Tougher regulation would be acceptable to a population tired of footing the bill for those who do not take responsibility for their own health, said Barry Clarke, account director at consumer trends organisation Future Foundation, speaking at the Food Vision event in Cannes last month.
“If you look at the support people have for existing regulation that’s been put in around sugar, including vending machines in schools, you’ll see the majority of consumers support those measures,” said Clarke.
Any legislation introduced would have to be done more carefully than occurred with Denmark’s failed ‘fat tax’, which Clarke described as being “crudely” handled. “The [British] government would’ve learnt from the failure of the Danish scheme and will look to go down different routes for the same results,” he said. “I think it will be centred on labelling and public awareness in the first instance.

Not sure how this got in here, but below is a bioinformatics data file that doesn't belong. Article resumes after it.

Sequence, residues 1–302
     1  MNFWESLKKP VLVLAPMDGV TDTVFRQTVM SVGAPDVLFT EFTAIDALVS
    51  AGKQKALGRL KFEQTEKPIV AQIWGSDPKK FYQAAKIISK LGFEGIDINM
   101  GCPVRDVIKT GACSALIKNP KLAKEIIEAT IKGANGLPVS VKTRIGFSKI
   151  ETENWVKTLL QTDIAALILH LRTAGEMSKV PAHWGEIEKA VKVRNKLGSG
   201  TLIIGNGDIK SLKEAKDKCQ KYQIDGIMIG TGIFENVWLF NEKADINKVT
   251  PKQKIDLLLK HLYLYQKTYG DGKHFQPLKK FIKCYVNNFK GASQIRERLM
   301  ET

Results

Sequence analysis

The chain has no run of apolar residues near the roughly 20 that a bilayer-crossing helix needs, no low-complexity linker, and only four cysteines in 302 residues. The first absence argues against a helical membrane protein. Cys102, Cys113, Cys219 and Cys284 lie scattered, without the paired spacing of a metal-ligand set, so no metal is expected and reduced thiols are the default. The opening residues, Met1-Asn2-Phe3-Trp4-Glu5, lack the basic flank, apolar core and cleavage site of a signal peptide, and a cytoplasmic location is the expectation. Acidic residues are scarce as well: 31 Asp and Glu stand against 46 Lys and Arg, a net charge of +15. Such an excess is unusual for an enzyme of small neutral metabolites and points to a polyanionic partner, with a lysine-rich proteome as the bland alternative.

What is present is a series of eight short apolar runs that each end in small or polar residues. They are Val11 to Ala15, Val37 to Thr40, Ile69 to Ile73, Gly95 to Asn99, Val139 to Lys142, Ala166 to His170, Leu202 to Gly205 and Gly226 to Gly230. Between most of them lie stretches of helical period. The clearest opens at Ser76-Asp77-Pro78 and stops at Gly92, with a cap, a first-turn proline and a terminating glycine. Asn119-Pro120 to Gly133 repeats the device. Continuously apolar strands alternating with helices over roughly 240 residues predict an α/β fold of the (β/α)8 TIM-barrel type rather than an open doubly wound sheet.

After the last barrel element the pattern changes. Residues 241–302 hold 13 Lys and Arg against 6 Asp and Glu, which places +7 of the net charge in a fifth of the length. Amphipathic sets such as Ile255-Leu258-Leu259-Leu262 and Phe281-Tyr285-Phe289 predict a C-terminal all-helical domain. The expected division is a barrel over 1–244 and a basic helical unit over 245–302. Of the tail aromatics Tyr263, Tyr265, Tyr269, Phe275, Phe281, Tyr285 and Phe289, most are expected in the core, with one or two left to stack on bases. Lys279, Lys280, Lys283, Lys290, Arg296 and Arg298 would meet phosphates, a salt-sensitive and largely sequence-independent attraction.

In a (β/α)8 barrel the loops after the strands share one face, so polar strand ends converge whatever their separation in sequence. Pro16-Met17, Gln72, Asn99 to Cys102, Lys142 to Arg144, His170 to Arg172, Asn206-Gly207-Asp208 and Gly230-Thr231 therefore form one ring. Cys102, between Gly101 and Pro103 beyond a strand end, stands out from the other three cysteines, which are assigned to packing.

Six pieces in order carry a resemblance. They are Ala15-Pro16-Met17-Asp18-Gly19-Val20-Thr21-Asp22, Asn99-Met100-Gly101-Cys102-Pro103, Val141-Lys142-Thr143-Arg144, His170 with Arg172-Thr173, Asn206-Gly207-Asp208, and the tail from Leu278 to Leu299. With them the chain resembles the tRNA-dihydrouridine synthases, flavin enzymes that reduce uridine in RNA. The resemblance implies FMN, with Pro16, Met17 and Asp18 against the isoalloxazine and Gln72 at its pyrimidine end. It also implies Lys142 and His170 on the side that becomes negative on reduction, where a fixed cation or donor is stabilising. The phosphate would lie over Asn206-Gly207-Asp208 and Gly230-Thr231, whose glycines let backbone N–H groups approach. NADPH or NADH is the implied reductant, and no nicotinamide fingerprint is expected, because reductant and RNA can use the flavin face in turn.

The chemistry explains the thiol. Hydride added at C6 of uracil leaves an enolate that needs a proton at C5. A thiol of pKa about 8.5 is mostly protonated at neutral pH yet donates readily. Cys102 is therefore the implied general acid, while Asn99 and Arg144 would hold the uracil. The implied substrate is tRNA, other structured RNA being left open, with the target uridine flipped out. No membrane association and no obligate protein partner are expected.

“I wouldn’t rule out ultimately going down a fiscal route, that may well happen if the government felt other measures to encourage people [to adopt healthy diets] haven’t been successful.”
The legislation would be framed as being for the common good similar to seatbelt requirements and bans on smoking Clarke claimed. He said there was a growing trend for an assault on ‘pleasure’, which involved some people seeking to curb others indulging in unhealthy products.
Food futurologist Morgaine Gaye said sugary and alcoholic drinks could be taxed off the back of this trend.
“One of the overriding trends I’ve been talking about for a couple of years is prohibition,” she claimed. “I think we are going to start seeing it in alcohol. Fat and obesity, is part of that picture and we will start to see taxation around things which might be considered unhealthy.”